Canada’s unions say they hope finance ministers are fixing CPP inequities
Canada’s unions say they are encouraged that Canada’s finance ministers are working to strengthen the Canada Pension Plan and hope that means parents who take time off work to raise children and workers with disabilities will not be penalized.
A statement issued by Canada’s finance ministers today promises “to provide greater benefits to parents whose income drops after the birth or adoption of their child [and] to persons with disabilities.”
“We were very surprised to learn that child-rearing and disability protections weren’t included in last year’s hard-won CPP expansion,” said CLC President Hassan Yussuff.
“For 18 months we’ve called on the government to fix the problem by fully protecting workers with disabilities and workers who take time off work to raise their children,” he added.
Unions and women’s groups fought for years to include protections that ensured that parents who took time off to raise children – mostly women – could exclude or “drop-out” periods of low and zero earnings from the calculation of their retirement benefit.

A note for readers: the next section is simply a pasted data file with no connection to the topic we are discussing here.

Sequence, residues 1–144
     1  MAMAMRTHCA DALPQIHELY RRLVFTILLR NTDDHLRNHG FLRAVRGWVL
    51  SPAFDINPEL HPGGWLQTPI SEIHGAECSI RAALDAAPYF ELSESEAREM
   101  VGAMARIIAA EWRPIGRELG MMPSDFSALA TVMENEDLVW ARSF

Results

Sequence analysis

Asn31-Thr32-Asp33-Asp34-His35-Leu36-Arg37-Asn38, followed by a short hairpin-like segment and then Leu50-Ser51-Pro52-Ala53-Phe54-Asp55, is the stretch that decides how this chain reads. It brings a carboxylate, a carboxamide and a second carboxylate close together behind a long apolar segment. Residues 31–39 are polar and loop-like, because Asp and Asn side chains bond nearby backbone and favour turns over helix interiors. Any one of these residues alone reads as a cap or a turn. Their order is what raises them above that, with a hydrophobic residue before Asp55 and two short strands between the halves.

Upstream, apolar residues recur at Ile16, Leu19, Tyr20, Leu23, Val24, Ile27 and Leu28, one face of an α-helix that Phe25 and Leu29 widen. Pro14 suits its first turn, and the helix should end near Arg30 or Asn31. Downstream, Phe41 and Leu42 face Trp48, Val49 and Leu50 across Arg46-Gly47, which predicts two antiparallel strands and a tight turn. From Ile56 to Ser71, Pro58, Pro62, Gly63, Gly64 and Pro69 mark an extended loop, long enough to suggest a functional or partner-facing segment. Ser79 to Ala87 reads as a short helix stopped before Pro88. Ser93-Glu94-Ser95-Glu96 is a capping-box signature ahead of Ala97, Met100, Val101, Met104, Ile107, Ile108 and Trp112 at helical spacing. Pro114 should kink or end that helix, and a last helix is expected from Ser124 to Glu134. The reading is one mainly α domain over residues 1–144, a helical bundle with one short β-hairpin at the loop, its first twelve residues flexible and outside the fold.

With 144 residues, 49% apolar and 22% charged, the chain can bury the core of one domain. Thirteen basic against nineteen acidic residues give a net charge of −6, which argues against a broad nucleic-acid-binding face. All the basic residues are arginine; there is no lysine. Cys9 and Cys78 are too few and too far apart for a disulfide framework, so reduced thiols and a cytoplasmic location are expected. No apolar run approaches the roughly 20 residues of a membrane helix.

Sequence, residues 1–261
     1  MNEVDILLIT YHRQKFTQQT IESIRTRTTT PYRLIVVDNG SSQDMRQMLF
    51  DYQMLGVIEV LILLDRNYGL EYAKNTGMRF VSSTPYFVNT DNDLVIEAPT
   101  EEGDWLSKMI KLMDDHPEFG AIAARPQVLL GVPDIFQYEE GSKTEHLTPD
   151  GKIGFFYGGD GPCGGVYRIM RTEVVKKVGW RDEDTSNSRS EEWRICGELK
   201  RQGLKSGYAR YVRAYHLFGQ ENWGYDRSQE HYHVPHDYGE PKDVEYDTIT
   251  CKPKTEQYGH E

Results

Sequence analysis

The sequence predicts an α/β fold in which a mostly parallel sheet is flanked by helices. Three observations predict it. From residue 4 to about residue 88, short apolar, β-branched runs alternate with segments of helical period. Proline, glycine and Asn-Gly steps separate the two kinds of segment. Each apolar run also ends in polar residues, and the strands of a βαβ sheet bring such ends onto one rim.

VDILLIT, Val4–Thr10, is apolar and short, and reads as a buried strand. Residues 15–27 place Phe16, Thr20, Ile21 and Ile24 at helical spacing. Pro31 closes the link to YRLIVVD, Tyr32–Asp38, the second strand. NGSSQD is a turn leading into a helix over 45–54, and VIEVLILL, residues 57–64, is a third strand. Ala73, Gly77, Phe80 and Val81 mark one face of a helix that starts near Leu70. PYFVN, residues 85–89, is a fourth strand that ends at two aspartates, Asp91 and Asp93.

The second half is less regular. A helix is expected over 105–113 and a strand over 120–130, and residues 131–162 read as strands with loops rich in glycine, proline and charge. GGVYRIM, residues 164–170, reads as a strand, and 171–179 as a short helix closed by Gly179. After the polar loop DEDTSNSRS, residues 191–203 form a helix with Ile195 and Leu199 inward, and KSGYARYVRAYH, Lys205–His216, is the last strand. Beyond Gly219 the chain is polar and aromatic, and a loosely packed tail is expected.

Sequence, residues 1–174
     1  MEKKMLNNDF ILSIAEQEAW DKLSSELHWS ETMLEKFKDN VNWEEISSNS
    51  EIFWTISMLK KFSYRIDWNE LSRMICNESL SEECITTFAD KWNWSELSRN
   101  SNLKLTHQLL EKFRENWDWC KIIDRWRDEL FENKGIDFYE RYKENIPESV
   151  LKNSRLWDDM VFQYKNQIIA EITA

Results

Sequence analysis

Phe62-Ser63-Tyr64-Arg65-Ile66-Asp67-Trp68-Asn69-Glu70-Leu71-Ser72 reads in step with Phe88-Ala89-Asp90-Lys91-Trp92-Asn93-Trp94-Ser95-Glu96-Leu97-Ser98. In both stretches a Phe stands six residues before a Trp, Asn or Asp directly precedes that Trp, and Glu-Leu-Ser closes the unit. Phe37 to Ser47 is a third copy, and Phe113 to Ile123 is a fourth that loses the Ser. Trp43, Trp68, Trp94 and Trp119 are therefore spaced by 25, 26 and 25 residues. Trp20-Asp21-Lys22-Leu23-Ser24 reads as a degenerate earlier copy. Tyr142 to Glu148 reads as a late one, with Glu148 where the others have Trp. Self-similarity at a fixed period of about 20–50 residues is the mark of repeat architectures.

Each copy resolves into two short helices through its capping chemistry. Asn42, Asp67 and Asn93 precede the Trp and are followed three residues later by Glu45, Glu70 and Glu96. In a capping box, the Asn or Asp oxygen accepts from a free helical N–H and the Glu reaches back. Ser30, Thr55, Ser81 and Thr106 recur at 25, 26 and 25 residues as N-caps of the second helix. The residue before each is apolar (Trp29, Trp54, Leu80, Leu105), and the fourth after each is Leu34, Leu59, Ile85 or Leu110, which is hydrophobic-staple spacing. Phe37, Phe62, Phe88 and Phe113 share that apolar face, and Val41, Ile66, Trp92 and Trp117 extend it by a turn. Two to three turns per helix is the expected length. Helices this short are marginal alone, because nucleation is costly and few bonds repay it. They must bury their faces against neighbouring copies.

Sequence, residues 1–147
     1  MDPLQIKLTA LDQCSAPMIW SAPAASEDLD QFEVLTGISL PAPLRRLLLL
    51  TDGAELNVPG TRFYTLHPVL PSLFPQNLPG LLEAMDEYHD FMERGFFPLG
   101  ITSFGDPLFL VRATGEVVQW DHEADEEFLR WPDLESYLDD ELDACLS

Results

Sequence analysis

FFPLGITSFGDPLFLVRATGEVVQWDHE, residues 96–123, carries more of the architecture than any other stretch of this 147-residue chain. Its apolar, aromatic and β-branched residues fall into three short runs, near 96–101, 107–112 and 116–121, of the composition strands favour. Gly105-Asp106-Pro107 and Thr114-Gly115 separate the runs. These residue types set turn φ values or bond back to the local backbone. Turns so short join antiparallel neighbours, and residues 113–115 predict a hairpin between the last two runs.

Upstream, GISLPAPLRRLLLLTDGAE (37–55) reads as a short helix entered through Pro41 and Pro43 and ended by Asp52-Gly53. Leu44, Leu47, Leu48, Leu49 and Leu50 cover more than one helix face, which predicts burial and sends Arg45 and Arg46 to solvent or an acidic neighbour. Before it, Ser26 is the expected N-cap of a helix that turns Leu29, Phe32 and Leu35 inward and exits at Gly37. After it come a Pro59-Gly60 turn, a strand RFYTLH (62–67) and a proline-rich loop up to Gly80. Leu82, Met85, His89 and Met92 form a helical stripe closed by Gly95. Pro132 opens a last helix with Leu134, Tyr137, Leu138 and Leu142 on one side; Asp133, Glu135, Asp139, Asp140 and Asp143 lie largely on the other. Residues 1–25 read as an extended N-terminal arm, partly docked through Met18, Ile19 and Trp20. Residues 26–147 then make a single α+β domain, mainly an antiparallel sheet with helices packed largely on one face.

A disability drop-out excludes periods in which a worker has become severe and chronically disabled and is receiving CPP disability benefits.
When the finance ministers agreed in June 2016 to expand the CPP, unions believed these drop-outs would continue to apply in the enhanced benefit. They didn’t.
“We’ll be asking for more details on what the finance ministers are planning,” said Yussuff.
“We know that including these protections in the expanded CPP can mean thousands of dollars more in retirement for parents – especially women – and workers who lost income because of injuries or disabilities, and we want to ensure this problem is fixed once and for all,” he added.